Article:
The Tax Management Transfer Pricing Report ™ provides news and analysis on U.S. and international governments’ tax policies regarding intercompany transfer pricing.
By Sony Kassam
Developing countries’ increasing demand for involvement in setting global tax norms is propelling the UN to consider expanding its tax experts committee and giving more control to smaller nations, a UN official said.
Being involved in the OECD’s Global Forum on Transparency and Exchange of Information for Tax Purposes and Inclusive Framework is useful to developing countries, “but it won’t be enough,” Michael Lennard, chief of the United Nations’ international tax cooperation unit, said during an Aug. 31 video conference at the International Fiscal Association congress in Rio de Janeiro.
The growing demand for participation in global tax matters “will cause some disruptions” within the Organization for Economic Cooperation and Development and the UN. “Eventually, the UN will have to consider, ‘is 25 members enough?’ ” Lennard said about the organization’s 25-member committee of tax experts.
The Committee of Experts on International Cooperation in Tax Matters—a subsidiary body of the UN Economic and Social Council—helps promote international cooperation among tax authorities and makes recommendations on emerging tax issues.
The nations represented in the committee are: Colombia, Djibouti, India, Zambia, Nigeria, Japan, Poland, Ghana, Vietnam, Thailand, Jamaica, Kenya, New Zealand, Argentina, Brazil, the Netherlands, Switzerland, Russia, Canada, Liberia, Germany, Ecuador, Sweden, China, and Singapore.
Although countries such as India, Brazil and China “will always have a very important role,” Lennard said, “a lot of smaller countries will demand roles and want their experiences reflected.”
Lennard said setting the norm will be slower than what people have seen in the past because of a larger number of countries involved. A slower pace will be beneficial to ensure consistency, which will ultimately be good for businesses, he said.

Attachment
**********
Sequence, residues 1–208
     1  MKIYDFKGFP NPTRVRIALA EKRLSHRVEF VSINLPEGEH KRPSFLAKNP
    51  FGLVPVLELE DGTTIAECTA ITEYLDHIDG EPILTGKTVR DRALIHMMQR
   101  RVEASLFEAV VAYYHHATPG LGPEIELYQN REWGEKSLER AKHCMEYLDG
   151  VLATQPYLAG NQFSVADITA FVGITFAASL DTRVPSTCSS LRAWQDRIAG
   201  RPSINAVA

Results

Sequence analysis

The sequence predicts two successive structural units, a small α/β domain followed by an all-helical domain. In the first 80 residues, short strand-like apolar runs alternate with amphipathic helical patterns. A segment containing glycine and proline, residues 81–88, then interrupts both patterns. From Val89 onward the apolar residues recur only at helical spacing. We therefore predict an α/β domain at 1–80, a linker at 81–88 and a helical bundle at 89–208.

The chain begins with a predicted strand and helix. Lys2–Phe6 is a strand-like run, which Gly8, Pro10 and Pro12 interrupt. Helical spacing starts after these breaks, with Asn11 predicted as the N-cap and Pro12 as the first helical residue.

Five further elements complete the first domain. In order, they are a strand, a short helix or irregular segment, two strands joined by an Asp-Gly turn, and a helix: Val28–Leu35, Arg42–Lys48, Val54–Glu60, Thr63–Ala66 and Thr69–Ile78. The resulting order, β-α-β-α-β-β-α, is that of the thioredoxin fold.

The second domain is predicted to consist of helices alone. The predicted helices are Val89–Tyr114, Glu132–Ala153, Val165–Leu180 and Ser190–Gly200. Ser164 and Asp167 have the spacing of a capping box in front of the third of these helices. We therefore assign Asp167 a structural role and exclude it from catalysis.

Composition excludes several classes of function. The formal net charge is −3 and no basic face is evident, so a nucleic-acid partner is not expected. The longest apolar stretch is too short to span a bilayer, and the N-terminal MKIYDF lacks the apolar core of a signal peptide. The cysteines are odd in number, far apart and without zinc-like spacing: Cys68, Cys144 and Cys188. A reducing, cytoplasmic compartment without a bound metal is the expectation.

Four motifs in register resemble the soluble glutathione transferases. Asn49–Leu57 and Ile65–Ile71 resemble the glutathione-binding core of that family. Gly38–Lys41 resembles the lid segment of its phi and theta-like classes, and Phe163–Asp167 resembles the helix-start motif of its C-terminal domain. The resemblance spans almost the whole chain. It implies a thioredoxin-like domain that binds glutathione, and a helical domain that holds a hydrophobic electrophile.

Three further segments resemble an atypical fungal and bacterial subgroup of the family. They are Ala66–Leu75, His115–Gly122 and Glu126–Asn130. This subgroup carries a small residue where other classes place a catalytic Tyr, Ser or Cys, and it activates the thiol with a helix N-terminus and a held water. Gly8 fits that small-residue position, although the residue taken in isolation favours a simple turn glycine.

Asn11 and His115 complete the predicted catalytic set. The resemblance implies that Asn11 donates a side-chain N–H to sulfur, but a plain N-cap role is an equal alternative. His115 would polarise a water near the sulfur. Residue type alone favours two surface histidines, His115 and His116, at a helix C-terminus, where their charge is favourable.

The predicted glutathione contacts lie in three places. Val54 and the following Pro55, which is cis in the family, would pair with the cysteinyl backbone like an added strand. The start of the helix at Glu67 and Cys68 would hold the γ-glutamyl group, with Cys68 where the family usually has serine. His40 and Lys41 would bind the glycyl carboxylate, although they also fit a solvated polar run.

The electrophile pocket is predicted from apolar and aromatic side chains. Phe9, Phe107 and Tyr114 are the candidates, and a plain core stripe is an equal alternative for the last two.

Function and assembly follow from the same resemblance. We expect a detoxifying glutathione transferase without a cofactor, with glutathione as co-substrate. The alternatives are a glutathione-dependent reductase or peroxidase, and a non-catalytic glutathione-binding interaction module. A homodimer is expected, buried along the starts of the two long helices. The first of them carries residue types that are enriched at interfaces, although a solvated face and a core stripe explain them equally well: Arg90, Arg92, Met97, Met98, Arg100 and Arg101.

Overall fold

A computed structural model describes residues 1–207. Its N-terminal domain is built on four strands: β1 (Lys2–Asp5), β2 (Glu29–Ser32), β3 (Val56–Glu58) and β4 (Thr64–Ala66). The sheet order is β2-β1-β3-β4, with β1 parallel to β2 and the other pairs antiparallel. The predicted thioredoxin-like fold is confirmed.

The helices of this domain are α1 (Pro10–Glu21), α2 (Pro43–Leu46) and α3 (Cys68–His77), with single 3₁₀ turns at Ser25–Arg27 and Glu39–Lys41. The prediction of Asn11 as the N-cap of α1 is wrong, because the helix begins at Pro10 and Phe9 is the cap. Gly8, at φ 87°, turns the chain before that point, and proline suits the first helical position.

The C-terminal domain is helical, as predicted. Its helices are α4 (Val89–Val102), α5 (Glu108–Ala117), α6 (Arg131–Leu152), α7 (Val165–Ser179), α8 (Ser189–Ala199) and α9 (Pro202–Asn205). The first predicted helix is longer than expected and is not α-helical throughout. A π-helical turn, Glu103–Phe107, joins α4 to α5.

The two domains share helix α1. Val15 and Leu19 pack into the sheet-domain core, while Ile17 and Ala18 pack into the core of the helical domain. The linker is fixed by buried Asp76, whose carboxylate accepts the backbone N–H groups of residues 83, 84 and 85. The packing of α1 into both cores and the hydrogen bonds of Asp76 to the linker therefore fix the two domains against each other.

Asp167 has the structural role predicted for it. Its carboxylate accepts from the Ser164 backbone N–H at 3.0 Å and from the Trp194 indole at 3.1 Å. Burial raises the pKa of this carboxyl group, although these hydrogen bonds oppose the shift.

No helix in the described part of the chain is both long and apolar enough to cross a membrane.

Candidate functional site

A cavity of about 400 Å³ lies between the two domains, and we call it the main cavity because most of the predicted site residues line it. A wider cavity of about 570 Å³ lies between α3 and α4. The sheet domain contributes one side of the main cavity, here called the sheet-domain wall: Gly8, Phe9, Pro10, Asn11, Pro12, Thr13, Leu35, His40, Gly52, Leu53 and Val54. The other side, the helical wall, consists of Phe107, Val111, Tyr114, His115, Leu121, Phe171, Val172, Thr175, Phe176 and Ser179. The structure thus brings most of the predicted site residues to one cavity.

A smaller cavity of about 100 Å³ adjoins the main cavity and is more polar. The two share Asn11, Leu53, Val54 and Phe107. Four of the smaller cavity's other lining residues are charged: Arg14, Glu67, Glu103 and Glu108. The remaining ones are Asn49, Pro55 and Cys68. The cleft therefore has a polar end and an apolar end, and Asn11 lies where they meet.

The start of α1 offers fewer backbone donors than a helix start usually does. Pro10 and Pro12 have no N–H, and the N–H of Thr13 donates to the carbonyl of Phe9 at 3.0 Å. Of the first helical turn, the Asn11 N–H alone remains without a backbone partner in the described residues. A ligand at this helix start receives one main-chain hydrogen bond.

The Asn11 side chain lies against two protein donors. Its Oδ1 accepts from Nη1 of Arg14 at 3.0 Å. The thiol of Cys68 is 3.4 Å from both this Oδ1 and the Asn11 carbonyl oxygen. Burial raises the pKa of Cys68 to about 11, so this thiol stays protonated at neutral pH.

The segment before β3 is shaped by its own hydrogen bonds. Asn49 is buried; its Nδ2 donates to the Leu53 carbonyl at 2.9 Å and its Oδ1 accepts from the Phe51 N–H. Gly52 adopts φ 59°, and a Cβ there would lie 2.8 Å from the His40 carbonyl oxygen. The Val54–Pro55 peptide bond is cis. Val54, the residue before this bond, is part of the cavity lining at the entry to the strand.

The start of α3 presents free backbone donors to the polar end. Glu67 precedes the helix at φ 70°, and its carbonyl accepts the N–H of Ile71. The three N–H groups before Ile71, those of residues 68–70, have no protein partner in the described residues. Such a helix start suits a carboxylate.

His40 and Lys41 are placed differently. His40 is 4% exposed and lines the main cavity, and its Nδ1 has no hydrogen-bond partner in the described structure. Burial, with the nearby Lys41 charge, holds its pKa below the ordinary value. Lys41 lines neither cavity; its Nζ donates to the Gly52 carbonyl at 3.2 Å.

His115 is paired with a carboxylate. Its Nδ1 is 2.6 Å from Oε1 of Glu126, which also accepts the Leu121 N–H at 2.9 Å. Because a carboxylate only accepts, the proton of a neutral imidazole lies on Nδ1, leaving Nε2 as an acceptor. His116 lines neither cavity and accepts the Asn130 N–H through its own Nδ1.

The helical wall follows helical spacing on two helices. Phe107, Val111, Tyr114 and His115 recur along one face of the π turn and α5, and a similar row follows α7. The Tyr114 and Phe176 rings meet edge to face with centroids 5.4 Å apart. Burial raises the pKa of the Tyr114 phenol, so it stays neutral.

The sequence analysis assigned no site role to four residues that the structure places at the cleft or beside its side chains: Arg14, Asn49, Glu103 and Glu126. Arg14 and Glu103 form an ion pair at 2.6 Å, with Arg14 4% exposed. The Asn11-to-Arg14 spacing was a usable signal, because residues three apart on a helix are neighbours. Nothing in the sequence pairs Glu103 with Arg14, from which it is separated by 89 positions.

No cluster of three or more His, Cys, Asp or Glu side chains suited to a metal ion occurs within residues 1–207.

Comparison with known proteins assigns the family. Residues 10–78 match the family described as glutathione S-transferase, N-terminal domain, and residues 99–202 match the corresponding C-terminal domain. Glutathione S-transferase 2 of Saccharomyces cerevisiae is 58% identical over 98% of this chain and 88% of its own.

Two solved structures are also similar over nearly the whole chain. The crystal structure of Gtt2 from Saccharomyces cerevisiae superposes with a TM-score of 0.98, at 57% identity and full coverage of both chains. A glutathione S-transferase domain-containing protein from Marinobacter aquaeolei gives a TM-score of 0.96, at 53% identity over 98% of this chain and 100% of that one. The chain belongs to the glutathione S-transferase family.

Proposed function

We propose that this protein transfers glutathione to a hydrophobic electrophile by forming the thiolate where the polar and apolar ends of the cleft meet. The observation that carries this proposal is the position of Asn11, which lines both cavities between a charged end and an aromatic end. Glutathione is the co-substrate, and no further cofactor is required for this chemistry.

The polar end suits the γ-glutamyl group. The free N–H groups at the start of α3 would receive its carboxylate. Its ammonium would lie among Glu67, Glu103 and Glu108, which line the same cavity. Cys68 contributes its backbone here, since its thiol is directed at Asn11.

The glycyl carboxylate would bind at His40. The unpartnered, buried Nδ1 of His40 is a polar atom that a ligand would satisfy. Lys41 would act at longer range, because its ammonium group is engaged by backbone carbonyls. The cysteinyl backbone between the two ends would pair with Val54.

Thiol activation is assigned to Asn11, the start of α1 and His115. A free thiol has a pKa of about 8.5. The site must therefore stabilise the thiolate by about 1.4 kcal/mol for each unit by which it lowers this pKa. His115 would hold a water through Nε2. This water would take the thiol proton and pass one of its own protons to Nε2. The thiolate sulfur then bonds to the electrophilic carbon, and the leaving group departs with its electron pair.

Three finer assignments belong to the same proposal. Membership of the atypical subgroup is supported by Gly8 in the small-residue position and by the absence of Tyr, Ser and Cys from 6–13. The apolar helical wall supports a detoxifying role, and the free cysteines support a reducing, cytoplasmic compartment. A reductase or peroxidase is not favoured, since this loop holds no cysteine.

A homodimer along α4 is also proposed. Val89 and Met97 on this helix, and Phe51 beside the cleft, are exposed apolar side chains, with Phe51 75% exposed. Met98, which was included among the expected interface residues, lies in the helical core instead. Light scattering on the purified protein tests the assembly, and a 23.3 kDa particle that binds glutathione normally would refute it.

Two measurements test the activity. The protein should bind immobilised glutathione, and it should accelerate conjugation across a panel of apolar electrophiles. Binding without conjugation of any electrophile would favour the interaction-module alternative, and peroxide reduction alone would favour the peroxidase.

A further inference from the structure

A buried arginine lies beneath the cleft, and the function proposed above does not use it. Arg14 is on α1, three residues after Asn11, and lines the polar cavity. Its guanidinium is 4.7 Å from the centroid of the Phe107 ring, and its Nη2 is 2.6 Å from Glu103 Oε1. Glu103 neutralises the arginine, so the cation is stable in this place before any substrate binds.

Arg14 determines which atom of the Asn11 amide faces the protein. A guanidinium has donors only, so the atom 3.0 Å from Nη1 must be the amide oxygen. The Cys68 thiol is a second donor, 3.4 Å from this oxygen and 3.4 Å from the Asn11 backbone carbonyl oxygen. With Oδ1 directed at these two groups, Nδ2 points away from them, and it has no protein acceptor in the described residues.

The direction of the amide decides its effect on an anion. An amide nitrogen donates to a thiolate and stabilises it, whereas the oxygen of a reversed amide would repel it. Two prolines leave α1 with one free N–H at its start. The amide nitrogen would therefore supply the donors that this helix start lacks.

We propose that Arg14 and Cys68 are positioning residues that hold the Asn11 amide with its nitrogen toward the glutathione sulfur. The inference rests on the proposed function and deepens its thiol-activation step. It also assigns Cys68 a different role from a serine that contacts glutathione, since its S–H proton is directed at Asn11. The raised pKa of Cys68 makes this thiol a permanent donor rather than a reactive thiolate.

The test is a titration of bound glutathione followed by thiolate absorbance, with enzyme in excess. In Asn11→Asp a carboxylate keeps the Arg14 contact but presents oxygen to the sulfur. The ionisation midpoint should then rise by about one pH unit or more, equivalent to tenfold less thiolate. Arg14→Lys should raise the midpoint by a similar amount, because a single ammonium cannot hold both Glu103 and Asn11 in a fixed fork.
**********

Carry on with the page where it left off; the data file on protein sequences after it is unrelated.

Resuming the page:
“There’s nothing worse than countries signing up for something but not implementing it in practice,” Lennard said. “We have to try to get the balance between fast norm-setting and norms that are sticky—norms that will be seen as having ownership through the wider world.”
Source taxation approach is another reason for increasing involvement of developing countries, Lennard said. The approach, which is followed more in the UN model tax treaty than in the OECD model, is becoming more attractive to developed countries, he continued.
“We’ll see some conversation between developed and developing countries, which is good,” he said. “It’s good to not have the whole divide between the two.”
Further, withholding taxes will become important and useful for developing countries to get the revenue they need for development, according to Lennard. Still, a broader discussion will be needed on how to maintain evolving tax systems that meet those revenue requirements but are still fair to tax planners, he said.
“I think that’s an important discussion that has been avoided,” Lennard said. “Hopefully we can have good withholding tax systems for all.”
Lennard also said he’s optimistic about the future and the creation of sound policy choices.
“With the support of governments, of business, of NGOs, of academics, we can actually end up with global tax norms, which are not chaotic, not a spaghetti bowl, but are actually effective in recognizing the legitimate realities and different stages of governments between countries,” Lennard said.
In October, the UN expects to publish a new version of the UN transfer pricing manual and a new handbook on extractive industries, Tatiana Falcao, formerly part of the UN’s tax experts committee, said during the panel.
New projects will be influenced by the practices of developing countries, Falcao said. These projects include guidance on capacity development, carbon taxation, and dispute resolution.
The tax committee expects to have two new projects implemented in the “very recent future” regarding dispute resolution and how countries can solve issues without resorting to arbitration, with “extensive reference to the use of litigation,” Falcao said.
The first dispute resolution guide will be geared toward countries that have “almost no experience” with mutual agreement procedures, while the second guide will be a revision to MAP guidance for countries with prior experience, she said.
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